Here is a more sophisticated calculus problem: Prove that the sequence generated by iterating the sin function n times, and beginning at a value of 1 radian, converges as n goes to infinity.
For more information on the contest, contact Blau at (815) 753-6772 or [email protected].
Date posted: April 7, 2014 | Author: Thomas Parisi | Comments Off on Seniors Taylor Brysiewicz, Robert Marks take top honors in math contest
The Basic Physical Defense class is offered from 1 to 4 p.m. on three consecutive Thursdays, beginning April 17, in Group Fitness Room 1 at the Student Recreation Center.
Female participants will learn risk-reducing strategies as well as physical defense techniques to avoid abduction.
“I hope my students will never need them, but it is important to give women the tools to fight, escape and survive in case they do need them one day,” says Jennifer Kirker-Priest, director of the Anthropology Museum and certified RAD instructor.
The statistics are troubling.
One in three women is the victim of a sexual assault. One in five women is the victim of attempted or completed sexual assault while in college. These numbers demonstrate the importance of educating and training women to avoid situations when possible and defend themselves when necessary.
Course instruction gradually advances women through the practice of awareness, prevention, risk reduction and avoidance. It concludes with hands-on self-defense training.
All women are eligible to participate in this free program. Each RAD student is provided with workbooks and manuals. After completing the class, students receive lifetime free admission to any R.A.D. Basic Program.
One is a documentary filmmaker whose works have screened internationally, the other a physicist who has made his mark on some of the world’s most ambitious experiments.
Their disciplines couldn’t seem more different. But what Laura Vazquez and David Hedin share is an uncommon drive, along with a passion for immersing students in their work and creating opportunities for them to shine.
Northern Illinois University has selected Vazquez, a professor of communication, and Hedin, a professor of physics, as its 2014 Board of Trustees Professors, a top university honor that recognizes faculty members for international renown in their research and excellence in all facets of teaching.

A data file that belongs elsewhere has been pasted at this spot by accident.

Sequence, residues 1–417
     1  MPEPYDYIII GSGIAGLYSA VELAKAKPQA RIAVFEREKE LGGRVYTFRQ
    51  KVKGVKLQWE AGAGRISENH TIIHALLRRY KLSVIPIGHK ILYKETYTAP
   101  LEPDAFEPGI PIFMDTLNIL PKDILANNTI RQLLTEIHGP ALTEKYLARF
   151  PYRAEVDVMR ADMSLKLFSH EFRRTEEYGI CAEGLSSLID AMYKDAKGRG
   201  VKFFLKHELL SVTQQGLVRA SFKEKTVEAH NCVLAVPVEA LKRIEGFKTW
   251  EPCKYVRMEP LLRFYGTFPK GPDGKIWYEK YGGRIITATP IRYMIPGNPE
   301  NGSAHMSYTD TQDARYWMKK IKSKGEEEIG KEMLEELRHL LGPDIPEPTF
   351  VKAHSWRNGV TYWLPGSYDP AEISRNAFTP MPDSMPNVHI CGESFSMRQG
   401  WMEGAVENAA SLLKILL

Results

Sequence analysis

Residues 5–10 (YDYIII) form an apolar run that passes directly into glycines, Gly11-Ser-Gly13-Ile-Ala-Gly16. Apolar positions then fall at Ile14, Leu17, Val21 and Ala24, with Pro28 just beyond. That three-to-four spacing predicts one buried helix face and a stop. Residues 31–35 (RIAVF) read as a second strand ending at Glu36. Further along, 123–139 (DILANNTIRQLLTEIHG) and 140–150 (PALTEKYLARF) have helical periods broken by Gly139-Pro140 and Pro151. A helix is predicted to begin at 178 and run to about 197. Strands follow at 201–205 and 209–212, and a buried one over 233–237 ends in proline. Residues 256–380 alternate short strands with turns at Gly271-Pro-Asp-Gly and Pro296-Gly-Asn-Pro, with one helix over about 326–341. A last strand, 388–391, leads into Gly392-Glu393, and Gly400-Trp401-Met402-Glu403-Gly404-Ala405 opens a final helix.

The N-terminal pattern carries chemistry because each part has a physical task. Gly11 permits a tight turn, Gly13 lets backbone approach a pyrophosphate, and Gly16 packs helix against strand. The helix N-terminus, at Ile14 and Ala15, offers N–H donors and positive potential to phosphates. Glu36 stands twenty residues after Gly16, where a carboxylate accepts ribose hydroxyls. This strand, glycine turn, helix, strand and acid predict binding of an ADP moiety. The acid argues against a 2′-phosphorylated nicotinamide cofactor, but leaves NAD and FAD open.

“Since coming to NIU less than a year ago, I’ve met many extraordinary faculty members, and Laura Vazquez and David Hedin certainly are among the best of the best,” NIU President Doug Baker said.
“Throughout their careers, their work in and out of the classroom has been exemplary, always integrating NIU students. We could use both Laura and Dave as case studies in how faculty can nurture student career success.”
Established in 2007, the Board of Trustees Professorships honor faculty members who have consistently demonstrated excellence in teaching, academic leadership, scholarship or artistry, and service and outreach.
Each BOT Professorship is accompanied by a $10,000 stipend, renewable annually during a five-year term. The BOT Professorship awards will be presented during the annual Faculty Awards Ceremony and Reception, which begins at 2:30 p.m. Thursday, April 24, in the Altgeld Hall Auditorium, with a reception. The ceremony begins at 3:30 p.m.
Click on the names below for closer looks at the 2014 BOT Professors:
Celebrating Excellence at NIU, scheduled from April 12 to May 1, highlights the accomplishments and contributions of NIU students, faculty, staff and alumni to the university’s mission of promoting excellence and engagement in teaching and learning, research and scholarship, creativity and artistry and outreach and service during the academic year.
Date posted: April 3, 2014 | Author: Thomas Parisi | Comments Off on Best of the best
Malya Villard-Appolon, named the 2012 CNN Hero of the Year for her work combating sexual violence against women in Haiti, will visit and speak at NIU this month.
Villard-Appolon is associate director of KOFAVIV, an organization that helps victims of sexual violence in Haiti. Her advocacy work has taken her to the courtroom, internally displaced persons camps, the U.S. State Department, the United Nations and around the world.
She will speak at NIU at noon Tuesday, April 22, in the Regency Room at the Holmes Student Center. The talk is open to the public.
Like elsewhere, rape has long been an issue in Haiti, and historically it has been under-reported because of social stigma, retaliation from perpetrators and a lack of legal support. Since Villard-Appolon and Marie Eramithe Delva started KOFAVIV in 2004, the organization has helped more than 4,000 rape survivors find safety, psychological support and/or legal aid.
The Jan. 12, 2010 earthquake in Haiti rates among the deadliest disasters in history.
While precise figures remain elusive, the seismic event claimed as many as 316,000 lives. The disaster was also one of the most widely covered events in modern history. International media attention helped raise $2 billion in private donations and $5.6 billion in official funds for the two years following the earthquake.
Four years later, media attention on Haiti has significantly diminished. And living conditions remain among the worst in the world; 280,000 people are still living under tents in scores of camps.
Visitors to the Anthropology Museum’s exhibitcan enter a tent provided for people displaced from their homes by the earthquake and view artifacts of tent life. Reproductions of a dwelling in one of Port-au-Prince’s shantytowns, a school room and a cot invite all visitors to experience life as a Haitian today. The exhibit runs through June 2014.